Sunday, January 19, 2014

M (1951)

M. US © 1951 Superior Pictures. PC: Superior Pictures, Inc. Distribution Company: Columbia Pictures Corp. P: Seymour Nebenzal; Assoc P: Harold Nebenzal. D: Joseph Losey; [Ass D: Robert Aldrich]; SC:  Norman Reilly Raine; Leo Katcher; Addl Dialogue: Waldo Salt - [n.c.: based on the screenplay by Thea von Harbou for M, DE 1931, directed by Fritz Lang]. DP: Ernest Laszlo; AD: Martin Obzina; ED: Edward Mann; Set Dec: Ray Robinson; M: Michel Michelet; Conductor: Bert Shefter; S: Leon Becker; S re-recording: Mac Dalgleish; Makeup Ted Larsen; Production Supervisor: Ben Hersh; Production layout: John Hubley; SC Supervisor  Don Weis. C: David Wayne [(Martin W. Harrow, also known as "M")], Howard Da Silva [(inspector Carney)], Luther Adler [(Daniel Langley)], Martin Gabel [(crime boss Charlie Marshall)], Steve Brodie [(Lt. Becker)], Raymond Burr [(Pottsy)], Glenn Anders [(Riggert)], Karen Morley [(Mrs. Coster)], Norman Lloyd [(Sutro)], John Miljan (blind balloon vendor), Walter Burke [(McMahan)], Roy Engel (police chief Regan), Benny Burt (Jansen, drunk thug outside Bradbury Bldg.), Lennie Bremen / Leonard Bremen (thug left behind in Bradbury Bldg.), Jim Backus, Janine Perreau [(the final little girl)], Frances Karath, Robin Fletcher, Bernard Szold (Bradbury Bldg. watchman), Jorja Curtright [(Mother)]. Produced: 5 Jun--7 Jul 1950 at Motion Picture Center. Copyright Information: 07 Mar 1951; LP885. PCA Certificate Number: 14732. Sound: RCA Sound System; Black & white. 87-88 or 90 min. The film was banned in Finland in 1951 (classification number 34282) and has been seen previously here only at the Finnish Film Archive, Cinema Joukola, 28 Sep 1983. A BFINA print of 89 min viewed at Cinema Orion, Helsinki (Remakes), 19 Jan 2014
    The credits are based on the AFI Catalog.
    Matti Salo: Waldo Salt wrote most of the screenplay but in the shadow of the black list had to fight to get even a modest credit. Also Horace McCoy participated in the screenplay as Joseph Losey's partner. (Matti Salo: Joseph Losey - vainottu muukalainen [Joseph Losey - A Stranger on the Prowl]. Helsinki: Like, 1989). Matti Salo's book, with a lot of original research, belongs to the best written on Joseph Losey.

Filming locations according to the IMDb: Los Angeles, California: - Alta Vista Apartments, 255 S. Bunker Hill Avenue, Bunker Hill, Downtown - Bradbury Building, 304 S. Broadway, Downtown - Bunker Hill, Downtown.

The uniqueness of Fritz Lang's M has perhaps been grasped with the most profound insight by Noël Burch. Fritz Lang's M is a thriller without an identification structure or even a central character. It is on a different level of existence than Lang's other films, and it is based on a unique mode of narration without a predecessor.

It was a challenge for Joseph Losey to remake the film he greatly admired and whose Brechtian affinities he was privileged to recognize.

Joseph Losey's M is also a unique and distinguished film but traditional in its approach.

The most important difference: there is a central figure in Losey's version, although he is no identification figure. In Lang's film the killer is mostly invisible and unknown until towards the end. In Losey's film the murderer is the main character from the beginning to the end, and from the very start we realize that he is both a criminal and a victim of destructive urges of his mind.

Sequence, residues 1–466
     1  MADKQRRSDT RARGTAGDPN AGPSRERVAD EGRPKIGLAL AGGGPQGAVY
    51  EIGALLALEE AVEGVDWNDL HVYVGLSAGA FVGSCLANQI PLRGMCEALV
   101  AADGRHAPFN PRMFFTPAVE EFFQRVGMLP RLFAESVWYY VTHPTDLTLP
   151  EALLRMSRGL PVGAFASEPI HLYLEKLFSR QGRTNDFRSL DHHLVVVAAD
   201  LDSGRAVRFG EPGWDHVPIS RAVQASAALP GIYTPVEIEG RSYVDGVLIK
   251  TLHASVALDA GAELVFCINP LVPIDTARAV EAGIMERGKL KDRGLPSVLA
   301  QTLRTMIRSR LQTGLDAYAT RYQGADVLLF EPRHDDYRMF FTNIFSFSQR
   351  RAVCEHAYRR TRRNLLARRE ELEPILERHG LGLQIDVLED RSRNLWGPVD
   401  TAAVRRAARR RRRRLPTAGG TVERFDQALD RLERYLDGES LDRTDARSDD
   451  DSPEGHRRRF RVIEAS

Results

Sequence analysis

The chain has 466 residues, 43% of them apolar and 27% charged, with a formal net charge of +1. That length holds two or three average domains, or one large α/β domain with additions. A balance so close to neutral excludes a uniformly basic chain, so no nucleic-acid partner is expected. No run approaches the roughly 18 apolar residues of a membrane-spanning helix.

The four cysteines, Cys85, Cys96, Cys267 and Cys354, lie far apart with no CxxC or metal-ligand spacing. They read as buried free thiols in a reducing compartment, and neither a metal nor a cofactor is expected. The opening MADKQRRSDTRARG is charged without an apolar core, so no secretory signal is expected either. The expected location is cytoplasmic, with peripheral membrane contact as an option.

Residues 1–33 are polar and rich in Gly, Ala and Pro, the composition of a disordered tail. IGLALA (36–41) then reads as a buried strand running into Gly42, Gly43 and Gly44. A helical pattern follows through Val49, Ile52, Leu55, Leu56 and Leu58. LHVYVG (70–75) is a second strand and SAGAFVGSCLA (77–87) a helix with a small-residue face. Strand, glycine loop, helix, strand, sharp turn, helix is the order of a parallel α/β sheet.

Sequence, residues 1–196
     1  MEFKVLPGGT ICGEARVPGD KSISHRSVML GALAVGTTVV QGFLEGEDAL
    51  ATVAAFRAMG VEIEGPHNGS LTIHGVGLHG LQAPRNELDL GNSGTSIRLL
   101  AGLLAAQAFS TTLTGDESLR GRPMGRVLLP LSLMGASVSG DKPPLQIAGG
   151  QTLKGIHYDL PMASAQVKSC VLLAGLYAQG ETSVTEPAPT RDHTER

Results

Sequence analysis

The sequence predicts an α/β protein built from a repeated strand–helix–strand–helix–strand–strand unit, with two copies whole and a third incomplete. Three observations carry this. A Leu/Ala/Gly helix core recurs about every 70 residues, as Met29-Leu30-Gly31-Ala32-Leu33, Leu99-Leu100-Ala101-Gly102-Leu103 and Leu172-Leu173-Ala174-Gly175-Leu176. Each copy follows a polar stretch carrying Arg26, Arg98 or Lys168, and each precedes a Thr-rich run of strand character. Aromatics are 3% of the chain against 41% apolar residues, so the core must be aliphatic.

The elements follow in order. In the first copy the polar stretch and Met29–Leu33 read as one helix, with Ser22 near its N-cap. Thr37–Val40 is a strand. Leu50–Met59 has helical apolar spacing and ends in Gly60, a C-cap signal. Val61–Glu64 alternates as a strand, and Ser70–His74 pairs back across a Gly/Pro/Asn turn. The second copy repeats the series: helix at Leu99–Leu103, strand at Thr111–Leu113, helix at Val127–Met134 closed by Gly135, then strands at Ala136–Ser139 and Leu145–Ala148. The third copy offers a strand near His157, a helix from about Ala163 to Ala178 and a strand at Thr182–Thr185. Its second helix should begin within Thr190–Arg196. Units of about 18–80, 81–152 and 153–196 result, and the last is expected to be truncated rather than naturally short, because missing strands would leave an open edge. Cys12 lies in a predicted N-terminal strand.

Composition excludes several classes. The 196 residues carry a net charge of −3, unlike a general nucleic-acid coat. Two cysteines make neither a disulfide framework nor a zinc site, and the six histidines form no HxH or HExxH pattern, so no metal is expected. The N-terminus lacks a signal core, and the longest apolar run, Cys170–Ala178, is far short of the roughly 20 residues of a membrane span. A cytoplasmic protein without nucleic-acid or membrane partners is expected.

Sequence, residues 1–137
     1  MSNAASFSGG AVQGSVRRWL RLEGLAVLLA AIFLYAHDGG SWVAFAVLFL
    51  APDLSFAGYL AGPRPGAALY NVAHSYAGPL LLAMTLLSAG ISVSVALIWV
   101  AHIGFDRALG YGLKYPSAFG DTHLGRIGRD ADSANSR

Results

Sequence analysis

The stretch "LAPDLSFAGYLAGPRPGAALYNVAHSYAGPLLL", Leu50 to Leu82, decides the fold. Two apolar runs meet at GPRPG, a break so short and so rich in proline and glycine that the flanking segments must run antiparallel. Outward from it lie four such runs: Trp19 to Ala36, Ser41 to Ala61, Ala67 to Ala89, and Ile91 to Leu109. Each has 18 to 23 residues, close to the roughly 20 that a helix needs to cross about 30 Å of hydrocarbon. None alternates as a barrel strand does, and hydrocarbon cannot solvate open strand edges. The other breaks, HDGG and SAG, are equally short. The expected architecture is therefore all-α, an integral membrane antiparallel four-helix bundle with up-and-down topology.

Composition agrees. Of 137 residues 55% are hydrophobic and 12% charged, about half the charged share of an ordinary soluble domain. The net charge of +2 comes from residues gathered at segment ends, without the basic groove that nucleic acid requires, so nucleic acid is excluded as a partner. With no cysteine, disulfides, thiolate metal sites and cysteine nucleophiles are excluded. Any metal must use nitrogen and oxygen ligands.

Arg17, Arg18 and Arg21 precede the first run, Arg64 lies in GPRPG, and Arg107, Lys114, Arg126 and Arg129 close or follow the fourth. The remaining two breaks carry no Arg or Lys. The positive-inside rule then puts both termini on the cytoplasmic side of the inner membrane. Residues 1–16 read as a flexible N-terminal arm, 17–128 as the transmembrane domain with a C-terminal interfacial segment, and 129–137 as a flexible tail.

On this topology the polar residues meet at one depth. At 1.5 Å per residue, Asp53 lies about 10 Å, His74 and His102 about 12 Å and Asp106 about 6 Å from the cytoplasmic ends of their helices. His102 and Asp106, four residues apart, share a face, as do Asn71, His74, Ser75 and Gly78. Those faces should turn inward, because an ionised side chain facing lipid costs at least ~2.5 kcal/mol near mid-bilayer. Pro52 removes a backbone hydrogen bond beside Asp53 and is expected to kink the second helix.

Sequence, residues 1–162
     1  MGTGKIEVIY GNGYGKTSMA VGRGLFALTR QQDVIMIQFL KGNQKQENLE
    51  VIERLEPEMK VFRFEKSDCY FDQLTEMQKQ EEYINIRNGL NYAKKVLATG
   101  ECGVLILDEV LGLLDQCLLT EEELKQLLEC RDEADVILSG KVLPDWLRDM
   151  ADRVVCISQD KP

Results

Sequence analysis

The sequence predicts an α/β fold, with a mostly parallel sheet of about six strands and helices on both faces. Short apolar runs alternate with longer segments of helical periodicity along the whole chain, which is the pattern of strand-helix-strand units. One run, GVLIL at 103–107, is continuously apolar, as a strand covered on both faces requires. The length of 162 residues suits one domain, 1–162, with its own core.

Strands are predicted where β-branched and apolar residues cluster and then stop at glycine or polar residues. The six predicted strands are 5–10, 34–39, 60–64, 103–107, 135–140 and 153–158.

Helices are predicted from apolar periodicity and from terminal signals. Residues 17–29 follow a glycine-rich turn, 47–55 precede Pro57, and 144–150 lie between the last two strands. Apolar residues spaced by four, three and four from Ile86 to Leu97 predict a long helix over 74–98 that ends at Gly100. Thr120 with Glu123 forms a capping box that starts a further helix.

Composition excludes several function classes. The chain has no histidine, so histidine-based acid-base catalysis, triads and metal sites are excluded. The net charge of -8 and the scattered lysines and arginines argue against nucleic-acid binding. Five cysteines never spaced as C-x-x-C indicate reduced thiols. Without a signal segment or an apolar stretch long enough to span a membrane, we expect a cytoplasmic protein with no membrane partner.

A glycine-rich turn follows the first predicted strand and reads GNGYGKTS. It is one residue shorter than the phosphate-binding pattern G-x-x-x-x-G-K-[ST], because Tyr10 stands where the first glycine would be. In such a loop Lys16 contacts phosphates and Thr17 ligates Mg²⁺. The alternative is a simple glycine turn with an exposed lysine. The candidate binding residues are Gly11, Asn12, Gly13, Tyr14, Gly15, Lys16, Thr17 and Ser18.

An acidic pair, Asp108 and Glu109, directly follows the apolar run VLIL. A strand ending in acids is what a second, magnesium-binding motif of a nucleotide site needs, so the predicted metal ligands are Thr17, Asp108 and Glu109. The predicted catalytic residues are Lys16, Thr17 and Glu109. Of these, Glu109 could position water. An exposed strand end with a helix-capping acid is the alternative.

Fritz Lang's M is a visually unforgettable and striking film, but so is Joseph Losey's, although his interpretation is completely different. Losey makes as good a use of Downtown L.A. as Lang did of Berlin.

Losey's talent in creating a dynamic space is on display both in exteriors and interiors. The Bradbury Building sequence is a showcase of his mastery, again quite different from Lang's corresponding sequence.

The "Elsie" sequence in Losey's adaptation is a letdown. Shot by shot I was comparing it with Lang, recognizing Lang's superiority. The mother's agony. The empty dinner table. The staircase. The ball. The balloon. It must have been frustrating for Losey.

Yet there are but a few other scenes where Losey duplicates Lang's visual concepts. The cheap café where we see the killer through the grating. The scene where the "M" chalk figure is branded on the killer's shoulder. The montage of close-ups in the kangaroo court sequence is impressive both in Lang's and Losey's films.

Losey's M has a music score; Lang's M had none: only the whistling of "In the Hall of the Mountain King". In Losey's film the killer is a Pied Piper with a little tune which he whistles and plays on his little flute.

There is a topical charge in the mass hysteria moments when innocent friendly people are harassed, suspected of being the child killer. Berlin before Hitler. Los Angeles during the witch hunts.

David Wayne's performance as the killer is superb and original, with no connection with the legendary Peter Lorre performance. Although there are good and well-known actors in the cast, the actors both in the police corps and in the crime organization remain less distinctive than in Lang's film. Lang's parallel montages of the police detection work and the criminals' methods of investigation are humoristic and electrifying; Losey's less so.

Besides such a distinguished film as Losey's M the superiority of Lang's M is evident. The miracle of Lang's M is based on a combination of Verfremdung and pathos. The story is about criminal pathology, and yet it is above all a portrait of a society: how one sick criminal shatters everybody's lives. This epic width and fullness is not as well accomplished in Losey's version as in Lang's.

The print was good and complete.

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